Organic synthesis has developed over the past 180 years to the extent that few organic compounds lie outside the realm of feasible construction. Despite such advances, the inability of chemical synthesis to construct molecules of even moderate complexity in a practical sense both reflects deficiencies in our understanding of chemical reactivity as well as serves to illustrate the need for new reaction development.
Towards redressing these shortcomings, I intend to initiate a research program that will focus foremost on the synthesis of architecturally interesting, biologically active compounds, with a strong emphasis on the development of novel reaction methodologies of general utility. In effect, natural product targets will serve as focal points for the development of new reactions, strategies, and stereoselective methods."
These goals will be initially pursued in the context of the natural products actinophyllic acid; the daphnicyclidin family of alkaloids; and the azatricyclic core of madangamine F.
Researchers face increasing challenges managing IT infrastructure. From software and servers, to data storage and back-ups, the Research Computing Group (RCG) is here to help you with all your IT needs as a researcher at MSU. We have the expertise to provide infrastructure for projects ranging from large-scale computation and storage to small-scale hosting. Contact us to find out how we can help you.
A team of us is developing new crops that are, due to our efforts, in increasing acreage in Montana. The approach focusses on providing consumers with foods that meet the their nutritional needs, especially those needs of specially challenged consumer groups (diabetes, depression, obesity, gluten intolerance, athletes and vegetarians). Our work is based on coupling human inherited disease genetic information, with plant genetics and with rural cooperatives. A paper outlining the need for a recommitment of agriculture to human nutrition, has been published in September 2006, in Nature Biotechnology. Objective: develop on average one new nutrition based crop worth $50 million/year for Montana. So far so good. To date we have developed gluten-free Montina, Timtana, and Proatina for people who suffer from wheat intolerance, and a wrinkled pea for diabetes type II. We also work on Camelina , a new crop that is high in omega-3 oil, hence good for human nutrition. Additionally we work with a plant-associated bacterium that nucleates ice formation, as it may be important in nucleating rainfall. We have also developed a lysine excreting bacterium for bread fermentation in Africa where lysine is inadequate in cereal based diets. We also work on using novel genetic selection methods for microbes to control weeds, including Striga, the worst weed in Africa.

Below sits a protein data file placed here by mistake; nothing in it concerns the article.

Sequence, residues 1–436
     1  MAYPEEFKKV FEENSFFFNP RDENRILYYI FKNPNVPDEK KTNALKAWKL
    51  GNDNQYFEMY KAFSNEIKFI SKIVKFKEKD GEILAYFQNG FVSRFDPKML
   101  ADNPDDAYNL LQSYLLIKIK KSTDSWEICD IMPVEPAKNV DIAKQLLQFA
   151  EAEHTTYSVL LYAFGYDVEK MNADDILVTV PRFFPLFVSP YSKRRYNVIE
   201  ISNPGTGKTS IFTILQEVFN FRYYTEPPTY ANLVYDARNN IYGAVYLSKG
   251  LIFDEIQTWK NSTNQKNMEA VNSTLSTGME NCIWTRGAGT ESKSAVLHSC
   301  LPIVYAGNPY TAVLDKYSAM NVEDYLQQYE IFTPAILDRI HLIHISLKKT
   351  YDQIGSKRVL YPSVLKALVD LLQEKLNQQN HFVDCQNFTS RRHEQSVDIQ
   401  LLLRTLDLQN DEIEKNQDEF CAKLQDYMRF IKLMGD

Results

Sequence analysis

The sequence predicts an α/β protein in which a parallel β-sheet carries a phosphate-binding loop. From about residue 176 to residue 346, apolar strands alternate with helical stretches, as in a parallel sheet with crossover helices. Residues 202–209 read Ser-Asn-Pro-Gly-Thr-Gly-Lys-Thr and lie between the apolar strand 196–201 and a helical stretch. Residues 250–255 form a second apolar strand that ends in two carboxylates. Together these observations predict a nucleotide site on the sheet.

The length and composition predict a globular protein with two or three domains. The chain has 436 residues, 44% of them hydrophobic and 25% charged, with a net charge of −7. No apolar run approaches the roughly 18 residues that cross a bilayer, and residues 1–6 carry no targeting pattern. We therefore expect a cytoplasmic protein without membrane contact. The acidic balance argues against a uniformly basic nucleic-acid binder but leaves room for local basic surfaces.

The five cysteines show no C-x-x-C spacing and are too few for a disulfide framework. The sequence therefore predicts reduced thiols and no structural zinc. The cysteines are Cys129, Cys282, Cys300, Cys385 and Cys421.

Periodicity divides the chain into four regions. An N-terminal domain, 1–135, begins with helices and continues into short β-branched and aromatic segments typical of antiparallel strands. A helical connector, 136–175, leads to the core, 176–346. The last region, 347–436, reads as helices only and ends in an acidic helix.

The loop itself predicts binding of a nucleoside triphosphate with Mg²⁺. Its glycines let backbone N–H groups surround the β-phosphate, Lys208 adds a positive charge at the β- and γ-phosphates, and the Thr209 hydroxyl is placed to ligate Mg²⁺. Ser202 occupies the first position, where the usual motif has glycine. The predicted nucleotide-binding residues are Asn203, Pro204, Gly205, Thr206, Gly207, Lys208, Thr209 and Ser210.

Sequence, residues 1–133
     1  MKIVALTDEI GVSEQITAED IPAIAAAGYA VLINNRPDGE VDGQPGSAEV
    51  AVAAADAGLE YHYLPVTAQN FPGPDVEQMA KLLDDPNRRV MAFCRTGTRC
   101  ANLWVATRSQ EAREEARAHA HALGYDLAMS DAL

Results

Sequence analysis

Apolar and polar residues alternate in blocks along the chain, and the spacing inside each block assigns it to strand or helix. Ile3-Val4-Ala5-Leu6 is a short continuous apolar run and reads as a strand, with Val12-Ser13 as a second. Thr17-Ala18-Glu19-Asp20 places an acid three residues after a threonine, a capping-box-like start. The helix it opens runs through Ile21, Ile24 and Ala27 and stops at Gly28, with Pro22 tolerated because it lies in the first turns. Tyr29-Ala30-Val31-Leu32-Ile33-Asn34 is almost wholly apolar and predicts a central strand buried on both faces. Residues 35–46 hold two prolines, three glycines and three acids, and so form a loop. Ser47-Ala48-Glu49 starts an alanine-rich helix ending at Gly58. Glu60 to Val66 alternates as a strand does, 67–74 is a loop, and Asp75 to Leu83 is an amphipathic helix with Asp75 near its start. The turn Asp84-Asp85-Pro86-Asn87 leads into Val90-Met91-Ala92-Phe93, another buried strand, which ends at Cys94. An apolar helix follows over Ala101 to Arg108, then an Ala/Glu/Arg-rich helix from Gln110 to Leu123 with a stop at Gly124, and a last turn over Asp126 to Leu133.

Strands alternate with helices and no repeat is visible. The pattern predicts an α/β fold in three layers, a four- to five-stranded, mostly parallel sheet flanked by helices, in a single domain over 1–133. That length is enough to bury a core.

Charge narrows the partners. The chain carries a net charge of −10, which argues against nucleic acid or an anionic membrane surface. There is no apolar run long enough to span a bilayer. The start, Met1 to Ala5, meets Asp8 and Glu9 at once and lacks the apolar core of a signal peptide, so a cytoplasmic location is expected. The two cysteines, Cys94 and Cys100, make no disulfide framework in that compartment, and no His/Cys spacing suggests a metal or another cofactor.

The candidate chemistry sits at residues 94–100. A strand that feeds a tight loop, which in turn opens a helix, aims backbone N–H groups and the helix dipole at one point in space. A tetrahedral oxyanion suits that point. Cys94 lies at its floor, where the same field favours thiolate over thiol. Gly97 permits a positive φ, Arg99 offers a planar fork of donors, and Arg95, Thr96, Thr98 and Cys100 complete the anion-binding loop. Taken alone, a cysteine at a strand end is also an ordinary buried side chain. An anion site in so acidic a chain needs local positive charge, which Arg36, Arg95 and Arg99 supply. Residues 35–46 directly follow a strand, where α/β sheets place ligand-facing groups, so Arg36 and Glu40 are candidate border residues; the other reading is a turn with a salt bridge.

The lab's primary research interests are to understand the intricate gene regulatory mechanisms that function in development and maintenance of complex organisms, like ourselves.
Application of Magnetic Resonance Microscopy (MRM) methods in the study of transport phenomena and material characterization.
Research in the Sharrock laboratory focuses on two areas of plant molecular genetics: the mechanisms through which plants sense and respond to environmental light cues and the regulation of the development of the floral stem or inflorescence. For the first of these research areas, our overall objective is to understand how the phytochrome red/far-red photoreceptors trigger and coordinate plant developmental responses to the light environment. This work has employed molecular and genetic approaches to define the structures of the five Arabidopsis phytochromes, the physiological and developmental roles of these receptors, and their patterns of expression in the plant. Future research directions focus on early events in phytochrome activation and identification of components of the signal transduction pathways through which phytochromes modulate growth and developmental responses.
The second major focus of the lab is isolation of mutants that alter the growth and structure of the Arabidopsis flowering bolt, or inflorescence, and the identification of the genes that correspond to these mutations. Ultimately, our objective is to describe molecular pathways in plants that control internode elongation in the inflorescence stem and, therefore, determine critical aspects of plant reproductive architecture and adaptation.
A central theme of the research in our laboratory is the development of new methods and instrumentation in magnetic resonance spectroscopy targeted toward the elucidation of molecular structure and chemical dynamics in complex materials containing both electron and nuclear spins. Two broad areas of application dominate our research: the characterization of novel optical materials; and structural biology of proteins with metal and free radical centers - with a particular emphasis on the biochemistry of NO.
In the first application, we use magnetic resonance techniques to analyze the composition of new solid-state laser materials - primarily materials under development by local optics industry. Our approximate goal is to determine the identity, oxidation state, and incorporation sites of transition metal ion guests and defects in the materials. Our results provide a basis for refining synthesis techniques and for developing leads for new types of laser materials. On a fundamental level, we are studying the electron-transfer chemistry that occurs among redox active metal ions in insulators, with the goal of exploiting this chemistry to develop new materials with photon-modulated optical properties.